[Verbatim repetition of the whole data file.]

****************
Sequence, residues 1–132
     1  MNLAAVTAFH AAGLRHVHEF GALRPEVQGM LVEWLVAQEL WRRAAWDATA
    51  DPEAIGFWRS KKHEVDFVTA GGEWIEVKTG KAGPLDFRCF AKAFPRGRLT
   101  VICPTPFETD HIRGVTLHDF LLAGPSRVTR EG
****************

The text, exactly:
Sequence, residues 1–132
     1  MNLAAVTAFH AAGLRHVHEF GALRPEVQGM LVEWLVAQEL WRRAAWDATA
    51  DPEAIGFWRS KKHEVDFVTA GGEWIEVKTG KAGPLDFRCF AKAFPRGRLT
   101  VICPTPFETD HIRGVTLHDF LLAGPSRVTR EG